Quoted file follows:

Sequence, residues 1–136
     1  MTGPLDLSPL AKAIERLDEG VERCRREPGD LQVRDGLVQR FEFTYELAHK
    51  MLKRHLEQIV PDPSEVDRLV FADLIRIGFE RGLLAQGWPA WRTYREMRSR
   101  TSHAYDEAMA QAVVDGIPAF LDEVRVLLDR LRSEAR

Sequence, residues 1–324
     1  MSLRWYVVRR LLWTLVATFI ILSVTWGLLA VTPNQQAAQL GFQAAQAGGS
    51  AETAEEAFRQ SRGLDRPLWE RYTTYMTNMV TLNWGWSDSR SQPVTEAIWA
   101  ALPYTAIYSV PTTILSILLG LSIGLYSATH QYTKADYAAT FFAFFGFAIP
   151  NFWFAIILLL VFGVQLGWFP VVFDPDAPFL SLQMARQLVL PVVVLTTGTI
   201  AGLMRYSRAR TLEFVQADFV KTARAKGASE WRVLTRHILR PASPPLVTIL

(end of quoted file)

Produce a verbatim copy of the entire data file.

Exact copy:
Sequence, residues 1–136
     1  MTGPLDLSPL AKAIERLDEG VERCRREPGD LQVRDGLVQR FEFTYELAHK
    51  MLKRHLEQIV PDPSEVDRLV FADLIRIGFE RGLLAQGWPA WRTYREMRSR
   101  TSHAYDEAMA QAVVDGIPAF LDEVRVLLDR LRSEAR

Sequence, residues 1–324
     1  MSLRWYVVRR LLWTLVATFI ILSVTWGLLA VTPNQQAAQL GFQAAQAGGS
    51  AETAEEAFRQ SRGLDRPLWE RYTTYMTNMV TLNWGWSDSR SQPVTEAIWA
   101  ALPYTAIYSV PTTILSILLG LSIGLYSATH QYTKADYAAT FFAFFGFAIP
   151  NFWFAIILLL VFGVQLGWFP VVFDPDAPFL SLQMARQLVL PVVVLTTGTI
   201  AGLMRYSRAR TLEFVQADFV KTARAKGASE WRVLTRHILR PASPPLVTIL